Characterization of Companies Based on Willingness to Innovate and Competitiveness

Characterization of Companies Based on Willingness to Innovate and Competitiveness

Beatriz Corchuelo Martínez-Azúa (University of Extremadura, Spain) and Felipe Martín-Vegas (University of Extremadura, Spain)
DOI: 10.4018/978-1-5225-8479-7.ch011

Abstract

Companies, as agents of innovation systems, play a fundamental role in the innovative activity of economies. Nevertheless, the existence of barriers to innovation is becoming a low willingness to innovate by companies despite being an important element of competitiveness. These two perceptions are fundamental when deciding to innovate. It also influences the perception of government intervention to encourage innovation. The objective of this study is to analyze the characteristics of Extremaduran companies based on perceptions they have about these two variables: willingness to innovate and assessing innovation as an essential element of competitiveness. Data come from an ad hoc questionnaire focused mainly on variables related to innovation. Obtained results show four profiles of companies based on these characteristics and these results permit to connect them to perceived obstacles to innovation and demanded public policies. The characterization of the companies may be useful for public policies design to stimulate innovation.
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Introduction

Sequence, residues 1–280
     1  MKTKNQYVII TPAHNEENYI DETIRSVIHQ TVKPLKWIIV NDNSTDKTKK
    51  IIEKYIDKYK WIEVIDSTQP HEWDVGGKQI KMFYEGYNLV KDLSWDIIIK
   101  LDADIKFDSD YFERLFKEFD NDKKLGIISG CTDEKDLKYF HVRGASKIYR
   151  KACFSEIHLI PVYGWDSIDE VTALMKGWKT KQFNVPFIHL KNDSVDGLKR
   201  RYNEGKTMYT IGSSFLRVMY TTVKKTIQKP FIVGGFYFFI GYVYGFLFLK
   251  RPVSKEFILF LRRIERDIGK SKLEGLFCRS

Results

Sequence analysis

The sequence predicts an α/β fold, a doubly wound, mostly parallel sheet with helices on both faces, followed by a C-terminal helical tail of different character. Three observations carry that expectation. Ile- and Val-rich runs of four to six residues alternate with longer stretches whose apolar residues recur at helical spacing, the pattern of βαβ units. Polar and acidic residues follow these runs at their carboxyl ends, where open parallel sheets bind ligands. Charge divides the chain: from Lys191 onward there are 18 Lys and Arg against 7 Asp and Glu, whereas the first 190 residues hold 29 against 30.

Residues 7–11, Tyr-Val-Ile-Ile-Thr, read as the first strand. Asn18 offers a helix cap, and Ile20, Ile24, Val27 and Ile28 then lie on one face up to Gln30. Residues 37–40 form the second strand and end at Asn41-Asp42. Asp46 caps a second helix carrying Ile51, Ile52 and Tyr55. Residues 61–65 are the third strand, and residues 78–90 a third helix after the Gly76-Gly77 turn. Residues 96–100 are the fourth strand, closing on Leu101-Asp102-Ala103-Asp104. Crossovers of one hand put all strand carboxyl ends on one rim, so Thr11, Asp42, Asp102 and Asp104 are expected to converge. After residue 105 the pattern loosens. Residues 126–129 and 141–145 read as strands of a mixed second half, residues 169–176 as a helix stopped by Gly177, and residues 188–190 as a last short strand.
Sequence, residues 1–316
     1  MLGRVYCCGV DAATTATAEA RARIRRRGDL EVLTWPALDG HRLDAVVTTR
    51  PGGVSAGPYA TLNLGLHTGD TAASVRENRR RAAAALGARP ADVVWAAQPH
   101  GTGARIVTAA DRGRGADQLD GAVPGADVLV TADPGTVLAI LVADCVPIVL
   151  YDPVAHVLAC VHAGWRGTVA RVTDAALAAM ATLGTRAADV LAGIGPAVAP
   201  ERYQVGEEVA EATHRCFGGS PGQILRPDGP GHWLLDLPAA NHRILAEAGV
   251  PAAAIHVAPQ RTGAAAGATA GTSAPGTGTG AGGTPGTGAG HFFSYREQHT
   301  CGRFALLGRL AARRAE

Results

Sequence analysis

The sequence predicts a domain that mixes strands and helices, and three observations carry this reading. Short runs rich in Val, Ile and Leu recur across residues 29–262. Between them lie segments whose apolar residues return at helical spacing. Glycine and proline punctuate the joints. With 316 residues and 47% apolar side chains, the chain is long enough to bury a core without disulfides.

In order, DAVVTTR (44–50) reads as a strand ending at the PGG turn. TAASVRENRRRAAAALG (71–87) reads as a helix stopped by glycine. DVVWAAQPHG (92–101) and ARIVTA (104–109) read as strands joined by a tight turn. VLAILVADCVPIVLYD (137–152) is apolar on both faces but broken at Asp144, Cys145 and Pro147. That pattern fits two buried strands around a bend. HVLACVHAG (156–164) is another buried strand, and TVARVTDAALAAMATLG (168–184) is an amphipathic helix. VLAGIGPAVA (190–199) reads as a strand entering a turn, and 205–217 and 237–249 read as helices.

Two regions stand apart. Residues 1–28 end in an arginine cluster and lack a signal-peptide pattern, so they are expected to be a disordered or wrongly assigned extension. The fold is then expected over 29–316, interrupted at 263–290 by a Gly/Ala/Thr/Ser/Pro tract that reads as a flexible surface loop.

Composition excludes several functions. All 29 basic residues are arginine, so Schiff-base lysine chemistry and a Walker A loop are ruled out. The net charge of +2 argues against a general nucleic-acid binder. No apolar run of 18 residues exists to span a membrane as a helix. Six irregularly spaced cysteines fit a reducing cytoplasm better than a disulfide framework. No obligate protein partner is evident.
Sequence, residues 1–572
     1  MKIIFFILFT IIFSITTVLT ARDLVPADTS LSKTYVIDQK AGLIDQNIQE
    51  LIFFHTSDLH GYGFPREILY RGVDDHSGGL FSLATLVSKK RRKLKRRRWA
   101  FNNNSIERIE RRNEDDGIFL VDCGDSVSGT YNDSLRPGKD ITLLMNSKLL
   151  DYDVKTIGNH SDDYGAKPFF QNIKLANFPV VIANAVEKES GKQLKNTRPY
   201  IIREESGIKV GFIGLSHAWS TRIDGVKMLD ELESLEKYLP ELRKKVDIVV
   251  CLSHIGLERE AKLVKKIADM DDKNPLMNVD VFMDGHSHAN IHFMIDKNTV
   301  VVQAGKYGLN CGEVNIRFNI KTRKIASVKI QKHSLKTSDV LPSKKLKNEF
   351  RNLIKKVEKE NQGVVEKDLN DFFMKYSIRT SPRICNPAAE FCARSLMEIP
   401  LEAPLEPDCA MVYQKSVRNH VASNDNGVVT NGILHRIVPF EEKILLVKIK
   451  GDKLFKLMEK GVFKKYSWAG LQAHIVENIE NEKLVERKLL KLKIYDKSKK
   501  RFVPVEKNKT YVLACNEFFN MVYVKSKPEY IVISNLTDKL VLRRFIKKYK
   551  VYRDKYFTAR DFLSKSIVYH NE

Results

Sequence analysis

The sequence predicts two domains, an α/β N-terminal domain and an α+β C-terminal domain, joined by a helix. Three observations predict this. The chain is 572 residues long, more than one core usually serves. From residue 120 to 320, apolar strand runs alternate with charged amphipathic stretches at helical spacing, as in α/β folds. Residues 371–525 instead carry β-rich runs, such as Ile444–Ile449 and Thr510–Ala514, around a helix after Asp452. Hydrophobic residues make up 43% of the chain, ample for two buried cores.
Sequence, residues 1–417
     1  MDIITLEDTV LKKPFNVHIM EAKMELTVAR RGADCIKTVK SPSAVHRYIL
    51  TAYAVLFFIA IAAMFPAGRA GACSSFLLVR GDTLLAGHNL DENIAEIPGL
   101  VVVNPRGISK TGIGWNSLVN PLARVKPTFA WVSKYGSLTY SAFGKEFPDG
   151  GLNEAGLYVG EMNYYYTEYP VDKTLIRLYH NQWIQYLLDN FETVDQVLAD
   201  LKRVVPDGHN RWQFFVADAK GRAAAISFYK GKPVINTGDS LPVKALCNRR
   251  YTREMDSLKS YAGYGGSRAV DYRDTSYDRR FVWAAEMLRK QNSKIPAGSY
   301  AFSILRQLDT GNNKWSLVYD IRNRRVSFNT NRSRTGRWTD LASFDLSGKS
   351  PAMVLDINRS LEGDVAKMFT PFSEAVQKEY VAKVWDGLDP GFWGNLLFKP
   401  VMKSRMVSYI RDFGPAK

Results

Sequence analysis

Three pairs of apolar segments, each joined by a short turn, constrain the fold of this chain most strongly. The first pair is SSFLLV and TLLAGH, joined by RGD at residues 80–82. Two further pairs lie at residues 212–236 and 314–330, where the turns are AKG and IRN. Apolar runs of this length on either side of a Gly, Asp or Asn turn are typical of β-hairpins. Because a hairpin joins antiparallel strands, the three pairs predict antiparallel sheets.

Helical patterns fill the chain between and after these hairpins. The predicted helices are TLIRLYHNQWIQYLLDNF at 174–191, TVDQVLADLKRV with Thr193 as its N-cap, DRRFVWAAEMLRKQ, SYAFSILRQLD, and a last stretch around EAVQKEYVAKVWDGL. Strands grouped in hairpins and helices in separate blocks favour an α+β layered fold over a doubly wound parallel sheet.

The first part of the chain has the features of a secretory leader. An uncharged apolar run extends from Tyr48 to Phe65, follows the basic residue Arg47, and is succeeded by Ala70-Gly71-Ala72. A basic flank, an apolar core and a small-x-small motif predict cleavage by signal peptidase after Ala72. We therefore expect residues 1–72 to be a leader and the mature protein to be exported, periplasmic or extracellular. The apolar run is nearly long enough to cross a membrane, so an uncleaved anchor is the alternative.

It is commonly recognized that innovation is essential for the growth and well-being of economies. Companies, as agents of national and regional innovation systems, play a fundamental role in the innovative activity of economies. Innovation implies important benefits for companies, which is converted into increased productivity and competitiveness. However, knowledge generated by innovation has certain characteristics of public goods (Arrow, 1962; Nelson, 1959), which discourages firms from innovating (Geroski, 1995). This leads to that innovations can be imitated and appropriate, so it reduces the benefit of inventors. On the other hand, innovating carries high risks, depending on the type of innovation developed. In addition, innovation requires high costs in most cases and there are financing problems, especially by small and medium enterprises. These factors, together with other internal and external obstacles, discourage the innovative activity of the companies, resulting in the provision of this activity being inferior to the socially desirable one. Occurrence of market failures in the provision of innovative activities by firms justifies that, from an economic point of view, certain public actions are established, through the called Scientific and Technological policies. In practice, these policies tend to be oriented towards the activities more distanced from the market, in which the time taken to obtain results are higher compared with the lower possibilities of generating profits. Therefore, although the concept of innovation includes a wide range of activities, the spending on research and development (R&D) activities, considered an important factor in innovation process, is the most incentivized aspect. The objectives of these policies are not only stimulating realization of innovation activities by firms but also achieve an encouragement and support all the innovation system of the economy. These public actions act both from the point of view of regulation, as well as through non-financial incentives (systems of intellectual and industrial protection, cooperation and dissemination and transfer), and financial incentives (direct public subsidies, through subsidies and soft loans, and indirect, through tax incentives) (COTEC, 2000). Additionally, in current economy based on knowledge and innovation in its broad concept, the intervention of governments is justified by its positive role and the increase in welfare that it brings to societies.